Residential Architecture After Postmodernism
Residential architecture is entering a new age. Postmodern design, with its focus on wit, reference and ornament has fallen by the wayside. Postmodern architectures used design functionally, while not necessarily conforming to any rules, especially those specific to high modernist architecture.
In today’s residential design, different materials, as diverse as brass and solar panels, work together to achieve efficiency. In essence, today’s residential design incorporates both modern and postmodern stylings and viewpoints. Le Corbusier’s notion that a house is a “machine for living,” for example, has been employed in incorporating the latest green technology and energy saving techniques, while incorporating the stylistic ornament exalted in postmodernism.
Other trends in residential design include a do it yourself aesthetic. Finding the right architects who can not only create the blueprints for a home, but who can also choose the materials and help build the final product, is preferred, since we all know that too many cooks spoil the soup. Intimacy and personality, sans postmodern irony, are stylish these days. And that means an architect should have more than a formal training in design; he should be able to coordinate the construction himself.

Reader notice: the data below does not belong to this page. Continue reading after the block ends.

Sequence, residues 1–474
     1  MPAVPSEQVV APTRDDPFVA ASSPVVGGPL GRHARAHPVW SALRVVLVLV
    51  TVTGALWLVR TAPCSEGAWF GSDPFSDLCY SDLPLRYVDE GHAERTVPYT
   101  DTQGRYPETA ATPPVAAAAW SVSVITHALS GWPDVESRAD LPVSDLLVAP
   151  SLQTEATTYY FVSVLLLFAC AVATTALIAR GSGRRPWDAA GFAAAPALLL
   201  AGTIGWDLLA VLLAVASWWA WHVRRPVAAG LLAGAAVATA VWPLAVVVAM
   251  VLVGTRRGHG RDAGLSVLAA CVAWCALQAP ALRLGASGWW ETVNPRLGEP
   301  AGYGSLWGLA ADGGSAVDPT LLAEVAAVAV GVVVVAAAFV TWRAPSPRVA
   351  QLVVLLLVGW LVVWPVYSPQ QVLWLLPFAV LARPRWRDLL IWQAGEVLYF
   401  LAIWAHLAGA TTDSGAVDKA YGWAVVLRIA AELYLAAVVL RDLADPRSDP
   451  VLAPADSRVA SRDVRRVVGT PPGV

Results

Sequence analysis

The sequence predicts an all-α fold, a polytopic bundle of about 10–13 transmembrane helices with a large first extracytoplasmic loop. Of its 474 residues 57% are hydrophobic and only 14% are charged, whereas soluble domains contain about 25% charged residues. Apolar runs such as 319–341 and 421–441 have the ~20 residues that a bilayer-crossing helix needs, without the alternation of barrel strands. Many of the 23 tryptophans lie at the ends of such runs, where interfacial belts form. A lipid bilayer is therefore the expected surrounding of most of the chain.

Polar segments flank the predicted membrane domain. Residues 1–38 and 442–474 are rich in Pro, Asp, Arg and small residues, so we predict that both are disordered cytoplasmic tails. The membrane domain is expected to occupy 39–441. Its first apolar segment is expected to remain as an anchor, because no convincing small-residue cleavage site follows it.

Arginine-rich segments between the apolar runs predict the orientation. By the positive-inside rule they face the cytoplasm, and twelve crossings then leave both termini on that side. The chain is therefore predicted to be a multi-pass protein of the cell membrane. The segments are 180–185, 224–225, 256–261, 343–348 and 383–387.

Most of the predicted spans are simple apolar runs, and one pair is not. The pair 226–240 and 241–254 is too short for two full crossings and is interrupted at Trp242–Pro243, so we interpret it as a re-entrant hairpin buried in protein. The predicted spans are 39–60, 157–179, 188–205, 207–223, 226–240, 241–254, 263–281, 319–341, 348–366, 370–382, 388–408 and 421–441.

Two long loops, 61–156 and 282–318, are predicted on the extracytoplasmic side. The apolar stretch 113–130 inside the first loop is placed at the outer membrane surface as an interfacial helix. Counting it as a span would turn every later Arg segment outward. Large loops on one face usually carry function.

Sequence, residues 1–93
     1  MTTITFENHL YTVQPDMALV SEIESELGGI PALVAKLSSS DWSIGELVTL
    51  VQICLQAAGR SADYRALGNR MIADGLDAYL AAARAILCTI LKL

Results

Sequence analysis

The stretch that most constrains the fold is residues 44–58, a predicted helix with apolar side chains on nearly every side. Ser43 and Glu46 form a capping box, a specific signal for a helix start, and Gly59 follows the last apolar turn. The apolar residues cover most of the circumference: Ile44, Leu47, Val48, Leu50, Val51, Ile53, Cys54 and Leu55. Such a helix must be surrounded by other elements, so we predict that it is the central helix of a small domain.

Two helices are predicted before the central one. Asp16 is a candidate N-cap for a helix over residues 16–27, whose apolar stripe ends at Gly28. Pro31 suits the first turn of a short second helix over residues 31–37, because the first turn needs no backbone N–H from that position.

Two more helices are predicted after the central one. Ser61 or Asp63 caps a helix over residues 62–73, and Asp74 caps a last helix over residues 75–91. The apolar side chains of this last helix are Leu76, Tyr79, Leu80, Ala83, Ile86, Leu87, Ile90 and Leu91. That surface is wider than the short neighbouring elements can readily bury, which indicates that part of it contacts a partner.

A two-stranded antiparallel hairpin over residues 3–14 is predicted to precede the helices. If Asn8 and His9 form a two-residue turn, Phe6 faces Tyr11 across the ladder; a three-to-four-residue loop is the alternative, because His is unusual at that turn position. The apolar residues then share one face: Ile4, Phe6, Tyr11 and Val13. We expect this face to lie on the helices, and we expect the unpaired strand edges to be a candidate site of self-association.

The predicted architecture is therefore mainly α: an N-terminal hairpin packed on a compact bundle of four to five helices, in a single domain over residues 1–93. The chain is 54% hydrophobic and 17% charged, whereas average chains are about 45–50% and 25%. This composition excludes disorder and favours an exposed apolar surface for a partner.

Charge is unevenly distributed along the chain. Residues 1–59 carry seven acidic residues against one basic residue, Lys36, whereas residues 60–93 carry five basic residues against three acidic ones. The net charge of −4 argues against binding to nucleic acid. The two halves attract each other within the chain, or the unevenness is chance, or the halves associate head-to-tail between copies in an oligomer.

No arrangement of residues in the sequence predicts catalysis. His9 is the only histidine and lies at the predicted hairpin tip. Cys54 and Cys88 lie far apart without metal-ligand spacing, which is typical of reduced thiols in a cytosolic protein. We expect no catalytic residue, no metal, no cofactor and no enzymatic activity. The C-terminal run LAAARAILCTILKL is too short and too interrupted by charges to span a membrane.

Different elements formerly reserved for inside homes have moved outside. architect Denver Colorado Water and fountains make a big difference when transplanted into a garden or over a wall. Different perspectives, not for the sake of being different and repudiating formal tradition, but for the sake of collaboration and imaginative re-rendering, have lately become important in residential design. The recession has also greatly impacted the way art, and specifically architecture, is created. Budgets are important, and so are out-of-the-box designs that can save money in the short term and the long.
Instead of the cultural and material context that dominated postmodernism, today there is an absence of context. Rules that brought together materials, forms and details according to each other are no longer taken as seriously as during the 20th century. It’s fine to have a front door on the third floor, a pool on the roof and art deco gargoyles over the eaves, all in the same building. Rather than postmodernism’s allusiveness, this is incorporation of different elements for their own sake.
Today we are only at the beginning of this age and architectural “movement.” But watching it take form is interesting. It seems that rather than defining itself in the negative, as did the previous one (“post”) this era of architecture will draw on the positive, incorporating elements from throughout architectural history to redefine architecture in the 21st century.